Poor coping skills can delay, or entirely sabotage, our recovery. Any coping skill that immediately numbs psychological discomfort also inevitably arrests development, provides a false sense of resilience, creates an additional layer of unnecessary suffering, and leaves us vulnerable to being stuck. It’s impossible to have psychological resilience in the face of additional, unnecessary suffering.

While the options of unwelcomed coping strategies are endless, so are the varieties of healthy coping strategies. For the sake of this brief article, I will introduce just a few of these preferred strategies, and recommend further exploration in the book for a more complete examination of resilience. 

Let’s start with brain health, the importance of which cannot be overestimated in the face of significant stressors and traumas. The organ most responsible for our neurological functioning, and our psychological resilience, is the brain. Therefore, in our efforts to bounce back from the stressors of this season, we cannot neglect the care of this remarkable organ. We don’t have to look far to find journals, articles or blogs focusing on  the healing power of exercise and healthy nutrition. God created the healthy foods that would provide nutritious fuel for our bodies, and He designed our bodies for movement. Exercise increases the blood flow in the brain, and therefore aids in the development of new neurological pathways. Exercise also triggers the neurotransmitters that are responsible for mental health. In the same manner, a nutritious lifestyle aids in brain health, and involves an increased intake of God-made foods, vs toxic foods that are made in factories and laden with chemicals and preservatives. Foods that increase inflammation in the body also compromise brain health, and therefore hinder psychological resilience. Adequate sleep is another vital ingredient for brain health. Our desire is the development of psychological resilience, so a very basic lifestyle that promotes physical movement, healthy nutrition, sound sleep, and overall brain health, is essential.

Psychological health is additionally dependent on the health of our internal dialogue. I like to refer to self-talk as “the most important conversation no one ever heard”. No other organ of the body is responsible for our psychological resilience, and no other organ is so heavily impacted by the health, or toxicity, of our thoughts. Our internal dialogue constructs the pathways of our brain. Destructive pathways (negative or catastrophic thoughts) keep us stuck in our suffering. Psychological resilience requires conquering destructive pathways and reconstructing new and healthier pathways in the brain; new thought patterns that are based on truth regarding the past, the present, and the future. This conquering of destructive pathways requires a very aggressive approach, and a radical intention to submitting our thoughts to Christ. Neuroplasticity, the ability of the brain to change, is evidence of the power of our Creator, and his intention for psychological resilience. Much like a stroke victim can adapt, develop new pathways, and gain back their functioning, so can someone who has been beat down by a pandemic develop new psychological pathways, and bounce forward, with a stronger functioning than ever before.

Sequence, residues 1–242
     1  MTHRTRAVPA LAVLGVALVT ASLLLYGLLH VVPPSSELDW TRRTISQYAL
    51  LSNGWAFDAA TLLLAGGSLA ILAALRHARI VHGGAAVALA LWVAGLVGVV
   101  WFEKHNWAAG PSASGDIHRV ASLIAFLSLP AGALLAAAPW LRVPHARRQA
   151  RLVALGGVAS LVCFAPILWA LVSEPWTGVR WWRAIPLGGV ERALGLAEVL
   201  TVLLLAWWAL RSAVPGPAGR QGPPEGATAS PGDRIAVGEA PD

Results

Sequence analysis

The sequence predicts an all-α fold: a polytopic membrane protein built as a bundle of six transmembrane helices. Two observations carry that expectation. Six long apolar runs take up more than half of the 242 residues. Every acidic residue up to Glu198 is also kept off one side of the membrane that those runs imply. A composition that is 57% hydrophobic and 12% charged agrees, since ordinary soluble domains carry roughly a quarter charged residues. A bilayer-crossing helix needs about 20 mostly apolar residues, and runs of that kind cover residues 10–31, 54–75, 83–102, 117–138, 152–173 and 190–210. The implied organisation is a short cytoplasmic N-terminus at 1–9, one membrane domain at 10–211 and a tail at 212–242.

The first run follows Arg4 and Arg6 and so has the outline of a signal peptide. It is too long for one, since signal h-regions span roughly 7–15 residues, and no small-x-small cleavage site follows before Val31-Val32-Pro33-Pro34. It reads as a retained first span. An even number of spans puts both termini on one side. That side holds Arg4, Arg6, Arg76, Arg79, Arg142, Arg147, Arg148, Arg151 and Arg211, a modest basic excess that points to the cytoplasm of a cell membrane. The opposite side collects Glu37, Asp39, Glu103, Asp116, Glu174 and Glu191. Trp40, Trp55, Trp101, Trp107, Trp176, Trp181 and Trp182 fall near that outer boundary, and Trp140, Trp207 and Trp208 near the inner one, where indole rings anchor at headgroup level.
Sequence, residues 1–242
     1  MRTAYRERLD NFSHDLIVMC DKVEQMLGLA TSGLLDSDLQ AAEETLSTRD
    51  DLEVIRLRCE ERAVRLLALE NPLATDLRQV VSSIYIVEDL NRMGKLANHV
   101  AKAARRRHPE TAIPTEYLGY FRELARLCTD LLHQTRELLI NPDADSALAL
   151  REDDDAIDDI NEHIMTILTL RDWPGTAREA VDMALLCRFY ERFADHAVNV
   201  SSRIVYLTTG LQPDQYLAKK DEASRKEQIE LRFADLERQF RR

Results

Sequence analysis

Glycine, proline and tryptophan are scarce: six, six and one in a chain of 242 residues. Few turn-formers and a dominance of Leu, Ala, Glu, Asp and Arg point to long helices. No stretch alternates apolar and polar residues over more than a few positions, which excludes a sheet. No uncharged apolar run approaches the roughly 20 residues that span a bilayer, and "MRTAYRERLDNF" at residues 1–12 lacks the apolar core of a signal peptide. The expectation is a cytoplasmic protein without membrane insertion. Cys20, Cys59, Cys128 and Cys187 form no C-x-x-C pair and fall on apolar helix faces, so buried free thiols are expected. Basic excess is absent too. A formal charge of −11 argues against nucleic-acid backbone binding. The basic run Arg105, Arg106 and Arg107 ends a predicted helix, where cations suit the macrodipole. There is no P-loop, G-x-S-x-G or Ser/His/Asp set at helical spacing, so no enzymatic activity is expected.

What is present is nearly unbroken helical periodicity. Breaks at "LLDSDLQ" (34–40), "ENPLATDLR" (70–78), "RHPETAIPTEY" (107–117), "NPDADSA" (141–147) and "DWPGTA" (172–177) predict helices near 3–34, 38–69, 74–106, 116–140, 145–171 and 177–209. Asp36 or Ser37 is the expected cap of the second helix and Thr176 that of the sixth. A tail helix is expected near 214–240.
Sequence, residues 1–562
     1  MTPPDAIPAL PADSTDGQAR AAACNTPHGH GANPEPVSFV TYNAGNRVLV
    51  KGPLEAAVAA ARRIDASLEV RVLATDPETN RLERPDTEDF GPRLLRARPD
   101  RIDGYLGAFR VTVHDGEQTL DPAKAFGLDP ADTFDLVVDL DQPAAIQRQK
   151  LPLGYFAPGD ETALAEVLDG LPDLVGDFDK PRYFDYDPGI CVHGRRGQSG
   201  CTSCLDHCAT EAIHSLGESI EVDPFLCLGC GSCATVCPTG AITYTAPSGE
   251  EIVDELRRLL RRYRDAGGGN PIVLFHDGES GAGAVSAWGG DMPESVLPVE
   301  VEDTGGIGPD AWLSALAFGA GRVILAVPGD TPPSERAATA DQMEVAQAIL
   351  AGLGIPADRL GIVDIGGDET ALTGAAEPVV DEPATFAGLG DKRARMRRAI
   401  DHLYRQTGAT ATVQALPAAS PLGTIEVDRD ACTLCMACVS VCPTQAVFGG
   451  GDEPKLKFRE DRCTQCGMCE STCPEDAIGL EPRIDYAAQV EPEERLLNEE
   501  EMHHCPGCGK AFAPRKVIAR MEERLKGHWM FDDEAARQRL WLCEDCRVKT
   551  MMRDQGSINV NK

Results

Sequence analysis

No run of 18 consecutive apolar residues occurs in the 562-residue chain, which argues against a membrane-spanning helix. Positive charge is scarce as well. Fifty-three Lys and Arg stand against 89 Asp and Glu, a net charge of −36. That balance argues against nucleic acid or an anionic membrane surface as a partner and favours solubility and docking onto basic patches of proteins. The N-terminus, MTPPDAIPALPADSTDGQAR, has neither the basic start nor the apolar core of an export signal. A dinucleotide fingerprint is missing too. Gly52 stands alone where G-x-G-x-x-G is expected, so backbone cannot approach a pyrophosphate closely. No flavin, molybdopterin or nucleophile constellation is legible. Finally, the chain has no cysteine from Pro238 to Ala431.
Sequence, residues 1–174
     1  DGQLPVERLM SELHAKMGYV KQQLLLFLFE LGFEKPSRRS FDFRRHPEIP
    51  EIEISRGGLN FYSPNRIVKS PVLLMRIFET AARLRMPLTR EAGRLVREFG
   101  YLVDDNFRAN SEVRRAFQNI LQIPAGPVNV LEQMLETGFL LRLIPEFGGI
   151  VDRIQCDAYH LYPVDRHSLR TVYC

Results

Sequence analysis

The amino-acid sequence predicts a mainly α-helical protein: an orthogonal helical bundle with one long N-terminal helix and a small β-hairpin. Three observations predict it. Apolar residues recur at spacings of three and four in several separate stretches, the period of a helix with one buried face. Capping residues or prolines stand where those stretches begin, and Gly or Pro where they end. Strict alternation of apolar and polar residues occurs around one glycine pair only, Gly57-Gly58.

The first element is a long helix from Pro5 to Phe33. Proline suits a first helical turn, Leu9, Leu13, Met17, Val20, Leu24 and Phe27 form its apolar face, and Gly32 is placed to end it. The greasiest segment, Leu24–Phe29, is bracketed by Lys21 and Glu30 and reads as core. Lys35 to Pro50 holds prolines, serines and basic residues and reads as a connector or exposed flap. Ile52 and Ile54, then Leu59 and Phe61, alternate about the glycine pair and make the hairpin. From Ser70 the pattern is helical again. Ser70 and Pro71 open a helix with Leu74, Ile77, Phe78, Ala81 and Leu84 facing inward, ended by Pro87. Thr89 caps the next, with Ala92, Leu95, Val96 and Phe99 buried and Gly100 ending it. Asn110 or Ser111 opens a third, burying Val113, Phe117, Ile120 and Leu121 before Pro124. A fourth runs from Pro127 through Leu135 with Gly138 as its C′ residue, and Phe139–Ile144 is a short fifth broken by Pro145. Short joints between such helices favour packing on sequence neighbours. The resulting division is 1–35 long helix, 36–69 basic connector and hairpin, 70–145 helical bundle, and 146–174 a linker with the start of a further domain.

The most powerful strategy for replacing destructive thoughts requires a repetitive, and meditative focus on an eternal perspective. One of my most cherished examples in scripture, which I love remembering in times of struggle, is found in Acts 7, “But Stephen, full of the Holy Spirit, looked up to heaven and saw the glory of God, and Jesus standing at the right hand of God” (v. 55). As far as I know, this is the only mention in scripture of Jesus having the posture of standing at the right hand of God. Stephen was suffering, and Jesus was brought to His feet. Isn’t that a comforting image? In our suffering, we sometimes doubt the care of God. The image of Jesus standing reminds us that He is close. That He cares. That in our pain, we have His full attention. Meditation on scriptural truths like this one gives us hope that our suffering doesn’t end with suffering; that there is an eternal story that is greater than our temporary pain. Recognition of eternal truths is a powerful springboard to psychological resilience. 

If you’ve been through a tough season of pain, I pray that you are encouraged today. You don’t have to remain stuck. You really can bounce back. You can have psychological resilience. Cooperate with God, take care of your brain, and conquer destructive thoughts by relying on His truths. Get ready to stand. It’s time to bounce back!

Donna Gibbs, Becoming Resilient: How to Move Through Suffering and Come Back Stronger (Grand Rapids: Baker Publishing Group, 2017).

Originally Published in November 2020 for the Missional University World Prayer Summit.


Donna Gibbs, LCMHCS, BCPCC

Donna Gibbs, co-owner of Summit Wellness Centers, PLLC, is author of the recent releases, Silencing Insecurity and Becoming Resilient. Donna has authored numerous other books, her blogs are frequently shared in various media outlets, and she is commonly featured on radio broadcasts across America, and occasionally internationally as well. Donna has been providing individuals and families the hope and help they need for more than twenty years as a Licensed Clinical Mental Health Counselor Supervisor and a Board-certified Professional Christian Counselor. A member of the American Association of Christian Counselors (AACC), she is a leading professional provider for Focus on the Family, Christian Care Network, r3Continuum, FINDINGbalance, and Samaritan’s Purse.